very good reception, I must say, on both sides of the aisle in 
the report in general on all the committees I've been before.
    Mr. Shays. Thank you.
    Any other comment or question that we--question we should 
have asked that you needed to respond to or something that you 
prepared for that would be eloquent if you shared it with us? 
Nothing. OK.
    Let me say--and I'm going to recognize David Rapallo--this 
has really been an excellent panel. Hopefully we'll be able to 
utilize your contribution in the future as well. It's been very 
interesting, and your statements were interesting; if not 
interesting in every respect, very informative and important 
for us to have. I'm talking about the written one. Your verbal 
one was very interesting.
    Mr. Rapallo. Just one quick followup for Ambassador Bremer.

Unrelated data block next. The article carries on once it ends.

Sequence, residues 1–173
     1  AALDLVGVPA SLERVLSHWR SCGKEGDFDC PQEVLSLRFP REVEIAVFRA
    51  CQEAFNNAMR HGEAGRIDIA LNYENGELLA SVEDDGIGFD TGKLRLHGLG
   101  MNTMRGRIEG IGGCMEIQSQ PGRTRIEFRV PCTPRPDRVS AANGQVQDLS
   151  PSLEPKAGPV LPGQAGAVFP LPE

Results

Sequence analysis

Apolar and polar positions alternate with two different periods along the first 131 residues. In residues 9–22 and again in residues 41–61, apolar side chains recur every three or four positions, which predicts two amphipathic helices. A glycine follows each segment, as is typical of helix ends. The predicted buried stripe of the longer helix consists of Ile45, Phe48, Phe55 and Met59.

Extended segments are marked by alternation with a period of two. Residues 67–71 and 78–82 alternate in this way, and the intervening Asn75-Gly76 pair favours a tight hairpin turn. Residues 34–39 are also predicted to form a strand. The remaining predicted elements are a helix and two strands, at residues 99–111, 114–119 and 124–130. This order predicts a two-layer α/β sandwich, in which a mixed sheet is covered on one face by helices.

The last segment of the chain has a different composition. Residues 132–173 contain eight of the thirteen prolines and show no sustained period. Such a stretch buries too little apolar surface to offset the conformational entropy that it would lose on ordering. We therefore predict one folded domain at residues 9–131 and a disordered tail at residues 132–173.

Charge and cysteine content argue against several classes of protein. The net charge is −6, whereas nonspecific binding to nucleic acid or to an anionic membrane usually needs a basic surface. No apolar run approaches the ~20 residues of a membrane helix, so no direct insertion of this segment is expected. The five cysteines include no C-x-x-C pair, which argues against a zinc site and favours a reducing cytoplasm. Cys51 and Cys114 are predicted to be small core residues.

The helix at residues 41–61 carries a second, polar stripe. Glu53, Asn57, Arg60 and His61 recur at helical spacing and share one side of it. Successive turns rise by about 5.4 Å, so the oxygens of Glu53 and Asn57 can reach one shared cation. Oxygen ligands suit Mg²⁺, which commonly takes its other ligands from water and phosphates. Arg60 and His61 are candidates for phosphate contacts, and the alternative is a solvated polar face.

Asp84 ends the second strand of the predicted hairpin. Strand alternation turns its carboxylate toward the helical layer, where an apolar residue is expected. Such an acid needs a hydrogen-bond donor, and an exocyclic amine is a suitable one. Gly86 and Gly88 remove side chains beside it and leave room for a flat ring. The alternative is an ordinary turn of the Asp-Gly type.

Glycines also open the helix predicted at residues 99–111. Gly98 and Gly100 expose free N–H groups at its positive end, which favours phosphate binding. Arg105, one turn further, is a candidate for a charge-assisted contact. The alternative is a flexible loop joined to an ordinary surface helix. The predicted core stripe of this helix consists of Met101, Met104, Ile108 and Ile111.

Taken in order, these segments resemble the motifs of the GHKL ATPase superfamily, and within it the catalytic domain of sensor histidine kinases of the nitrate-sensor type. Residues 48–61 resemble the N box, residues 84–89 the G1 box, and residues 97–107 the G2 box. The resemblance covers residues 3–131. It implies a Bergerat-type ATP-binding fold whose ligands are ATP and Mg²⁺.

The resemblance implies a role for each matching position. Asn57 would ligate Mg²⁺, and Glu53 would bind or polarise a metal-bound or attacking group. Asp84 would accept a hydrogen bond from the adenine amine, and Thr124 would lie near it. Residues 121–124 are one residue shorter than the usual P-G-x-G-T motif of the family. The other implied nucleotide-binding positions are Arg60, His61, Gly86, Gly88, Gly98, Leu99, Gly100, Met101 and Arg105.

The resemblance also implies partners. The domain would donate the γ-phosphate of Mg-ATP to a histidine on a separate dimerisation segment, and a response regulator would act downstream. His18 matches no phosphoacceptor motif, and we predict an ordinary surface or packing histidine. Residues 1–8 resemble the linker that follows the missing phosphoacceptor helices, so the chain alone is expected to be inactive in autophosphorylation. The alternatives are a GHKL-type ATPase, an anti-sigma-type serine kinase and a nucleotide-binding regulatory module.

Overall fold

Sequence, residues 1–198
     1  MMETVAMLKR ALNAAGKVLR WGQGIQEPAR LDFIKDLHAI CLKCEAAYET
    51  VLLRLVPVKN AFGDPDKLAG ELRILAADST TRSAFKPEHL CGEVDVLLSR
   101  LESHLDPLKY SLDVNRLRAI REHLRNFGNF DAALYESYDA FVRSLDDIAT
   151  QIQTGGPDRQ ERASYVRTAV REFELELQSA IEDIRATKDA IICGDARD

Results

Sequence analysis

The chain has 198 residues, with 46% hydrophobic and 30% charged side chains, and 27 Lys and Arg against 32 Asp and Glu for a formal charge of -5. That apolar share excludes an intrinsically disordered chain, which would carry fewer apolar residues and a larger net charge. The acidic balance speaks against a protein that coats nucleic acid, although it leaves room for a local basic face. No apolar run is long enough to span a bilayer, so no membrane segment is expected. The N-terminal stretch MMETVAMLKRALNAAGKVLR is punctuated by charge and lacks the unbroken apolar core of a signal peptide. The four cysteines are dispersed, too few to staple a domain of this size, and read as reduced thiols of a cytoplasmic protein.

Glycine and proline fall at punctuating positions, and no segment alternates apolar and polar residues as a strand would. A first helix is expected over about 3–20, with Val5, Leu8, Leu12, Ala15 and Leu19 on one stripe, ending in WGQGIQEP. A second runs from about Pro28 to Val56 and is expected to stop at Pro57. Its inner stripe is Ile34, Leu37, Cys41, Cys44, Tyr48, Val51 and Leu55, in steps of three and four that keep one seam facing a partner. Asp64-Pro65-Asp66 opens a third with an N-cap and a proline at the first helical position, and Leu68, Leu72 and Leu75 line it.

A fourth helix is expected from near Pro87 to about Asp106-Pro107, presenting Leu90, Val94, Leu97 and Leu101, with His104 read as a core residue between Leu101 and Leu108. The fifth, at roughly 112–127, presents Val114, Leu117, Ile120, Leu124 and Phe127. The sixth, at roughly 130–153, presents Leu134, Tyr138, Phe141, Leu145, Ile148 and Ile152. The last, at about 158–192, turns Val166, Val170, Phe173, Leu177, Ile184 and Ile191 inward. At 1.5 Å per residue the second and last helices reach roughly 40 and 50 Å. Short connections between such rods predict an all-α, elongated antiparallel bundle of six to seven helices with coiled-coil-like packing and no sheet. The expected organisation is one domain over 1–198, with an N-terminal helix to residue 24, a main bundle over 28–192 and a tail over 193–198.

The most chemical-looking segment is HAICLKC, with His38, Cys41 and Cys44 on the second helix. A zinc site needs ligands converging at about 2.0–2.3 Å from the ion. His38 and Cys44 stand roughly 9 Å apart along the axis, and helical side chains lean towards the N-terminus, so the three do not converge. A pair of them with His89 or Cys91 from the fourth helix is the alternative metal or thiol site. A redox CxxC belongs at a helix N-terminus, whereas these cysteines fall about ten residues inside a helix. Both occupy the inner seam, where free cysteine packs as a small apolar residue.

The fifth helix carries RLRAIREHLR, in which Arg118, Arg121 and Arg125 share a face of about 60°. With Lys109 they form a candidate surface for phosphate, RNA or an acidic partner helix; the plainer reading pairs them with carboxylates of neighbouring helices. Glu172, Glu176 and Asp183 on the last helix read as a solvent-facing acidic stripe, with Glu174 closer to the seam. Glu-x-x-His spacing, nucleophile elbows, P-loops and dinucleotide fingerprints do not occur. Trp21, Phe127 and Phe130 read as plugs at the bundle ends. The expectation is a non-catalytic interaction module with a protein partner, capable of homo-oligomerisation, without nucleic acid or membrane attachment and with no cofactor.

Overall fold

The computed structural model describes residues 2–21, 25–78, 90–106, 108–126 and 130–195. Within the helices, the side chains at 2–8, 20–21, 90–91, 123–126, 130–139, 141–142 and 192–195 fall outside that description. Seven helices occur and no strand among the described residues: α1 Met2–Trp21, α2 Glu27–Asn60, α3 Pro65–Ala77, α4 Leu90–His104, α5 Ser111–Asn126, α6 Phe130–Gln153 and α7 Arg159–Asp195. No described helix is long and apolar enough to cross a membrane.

On the 95 CIA regulations I want to make sure there's a 
complete explanation, it didn't just happen in a vacuum. Could 
you give just a little description of why they were adopted, 
the rationale behind them?
    Mr. Bremer. The given rationale was concerns that some 
assets who had been engaged by CIA in a country in Central 
America had been involved in alleged serious crimes. And there 
was a view at that time that the head of the CIA and the DCI, 
that this put us at risk by having assets who might have 
committed crimes or might have committed human rights 
violations. And it was in response to those concerns, as I 
understand it, that these guidelines were issued.
    Mr. Shays. But the bottom line is you believe it's much 
harder to recruit.
    Mr. Bremer. The DCI at the time and the DCI today maintain 
that the intention of these was not to discourage the 
recruitment of hard assets. We say we understand that. We're 
not challenging what the intention was, but the effect has been 
to discourage it.
    Mr. Shays. David asked the question, that's on the record, 
but important that you tell us your concern as well. Gentlemen, 
very interesting. I appreciate your participation as I did the 
panel before yours. Thank you very much, and at this point this 
hearing is adjourned.
    Thank you for your help as well, Recorder.
    [Whereupon, at 3:20 p.m., the subcommittee was adjourned.]